Clean Mouth

Spotlighting current research of excessive interest

by Alice Shirrell Kaswell, AIR staff

There is a new, clean weapon in the war against smoking.

Now in the hands of Sebastian Ciancio, D.D.S., professor and chair of the Department of Peridontology at the University at Buffalo School of Dental Medicine, this armament consists of -- indeed, is -- mouthwash. A press release issued on May 9, 2000, contains the first public information about the mouthwash:

The new mouth rinse is a product of the same creative mind that developed the first Xerox copy paper, Ciancio said. The product's data sheet describes it as a breath-freshening, germ-killing liquid that works like any normal mouthwash with one notable exception: For 5-8 hours after using it, "the taste of cigarette smoke is distorted to the point where the person will not smoke past the first puff."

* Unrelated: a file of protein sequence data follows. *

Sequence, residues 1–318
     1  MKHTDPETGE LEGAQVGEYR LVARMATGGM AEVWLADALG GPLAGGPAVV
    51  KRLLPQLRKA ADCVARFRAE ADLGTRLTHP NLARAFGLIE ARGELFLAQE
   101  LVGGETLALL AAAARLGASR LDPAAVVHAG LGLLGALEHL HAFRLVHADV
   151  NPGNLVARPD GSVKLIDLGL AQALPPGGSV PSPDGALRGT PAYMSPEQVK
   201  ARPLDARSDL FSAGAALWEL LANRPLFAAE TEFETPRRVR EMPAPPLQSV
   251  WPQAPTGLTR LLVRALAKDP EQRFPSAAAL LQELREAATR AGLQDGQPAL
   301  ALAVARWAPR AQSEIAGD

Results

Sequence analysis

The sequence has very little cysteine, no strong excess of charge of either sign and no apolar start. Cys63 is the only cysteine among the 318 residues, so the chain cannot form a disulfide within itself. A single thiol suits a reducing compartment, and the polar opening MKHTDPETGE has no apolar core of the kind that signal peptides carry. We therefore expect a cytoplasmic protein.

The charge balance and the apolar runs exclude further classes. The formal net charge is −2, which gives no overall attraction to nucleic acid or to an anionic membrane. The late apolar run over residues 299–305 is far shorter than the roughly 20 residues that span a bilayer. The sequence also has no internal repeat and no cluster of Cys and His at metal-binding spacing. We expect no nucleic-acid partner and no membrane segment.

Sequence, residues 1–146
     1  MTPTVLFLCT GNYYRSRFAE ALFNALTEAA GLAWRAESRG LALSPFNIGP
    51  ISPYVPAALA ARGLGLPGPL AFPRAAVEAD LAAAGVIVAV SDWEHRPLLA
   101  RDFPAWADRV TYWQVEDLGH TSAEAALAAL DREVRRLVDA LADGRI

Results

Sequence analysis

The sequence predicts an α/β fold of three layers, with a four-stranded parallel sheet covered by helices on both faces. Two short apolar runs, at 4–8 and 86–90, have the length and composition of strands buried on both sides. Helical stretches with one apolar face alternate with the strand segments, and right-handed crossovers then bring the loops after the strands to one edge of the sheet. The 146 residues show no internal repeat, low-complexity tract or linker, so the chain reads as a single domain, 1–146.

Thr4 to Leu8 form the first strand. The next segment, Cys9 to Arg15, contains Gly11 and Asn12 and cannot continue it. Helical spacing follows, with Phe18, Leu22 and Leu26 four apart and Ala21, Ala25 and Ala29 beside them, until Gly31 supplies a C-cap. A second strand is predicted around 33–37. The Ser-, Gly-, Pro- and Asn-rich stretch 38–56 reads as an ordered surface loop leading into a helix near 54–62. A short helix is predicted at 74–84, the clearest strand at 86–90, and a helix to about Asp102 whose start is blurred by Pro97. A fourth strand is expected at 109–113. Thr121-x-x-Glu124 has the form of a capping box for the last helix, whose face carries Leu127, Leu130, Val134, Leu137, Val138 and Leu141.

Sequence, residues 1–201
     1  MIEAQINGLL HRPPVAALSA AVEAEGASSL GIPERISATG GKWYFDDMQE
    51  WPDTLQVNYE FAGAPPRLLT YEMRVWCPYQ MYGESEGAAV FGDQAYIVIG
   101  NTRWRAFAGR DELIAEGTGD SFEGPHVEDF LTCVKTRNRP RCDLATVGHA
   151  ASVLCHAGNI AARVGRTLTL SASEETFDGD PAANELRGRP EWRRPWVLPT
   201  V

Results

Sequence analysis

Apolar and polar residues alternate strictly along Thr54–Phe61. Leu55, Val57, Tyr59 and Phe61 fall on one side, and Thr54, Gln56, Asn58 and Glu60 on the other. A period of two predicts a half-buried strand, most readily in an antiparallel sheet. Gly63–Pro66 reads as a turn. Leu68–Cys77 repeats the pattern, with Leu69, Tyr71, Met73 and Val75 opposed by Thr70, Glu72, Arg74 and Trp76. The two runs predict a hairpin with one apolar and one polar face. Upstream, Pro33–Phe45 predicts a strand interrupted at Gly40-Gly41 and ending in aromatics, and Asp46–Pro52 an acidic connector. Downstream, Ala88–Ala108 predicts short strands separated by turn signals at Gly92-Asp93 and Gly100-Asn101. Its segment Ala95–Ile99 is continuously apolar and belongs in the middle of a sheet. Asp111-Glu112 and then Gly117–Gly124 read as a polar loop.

The mouth rinse doesn't affect the taste of anything but tobacco smoke, the inventor asserts, which makes it a useful long-term deterrent should former smokers be tempted to relapse. The inventor also notes that his product doesn't involve nicotine or any other drug....

Persons interested in volunteering for the smoking-deterrent mouth-rinse study... may call the UB dental school at 716-829-3850.

Most mouthwashes are designed to make the oral cavity feel clean and minty fresh. This one is engineered to make your mouth go yucky.

Alternative Weapons Testing

In the war against smoking this is the first weapon of its kind. History indicates that the first version of any weapon can be improved upon.

Here, then, is a list of basic substances upon which to base future anti-smoking mouthwash research and development. They range from the ancient to the fairly modern:


Lint (aged)


Cadaverin and putrecine

We would be interested in hearing the results, if any, of your research with these advanced puff-prevention materials.

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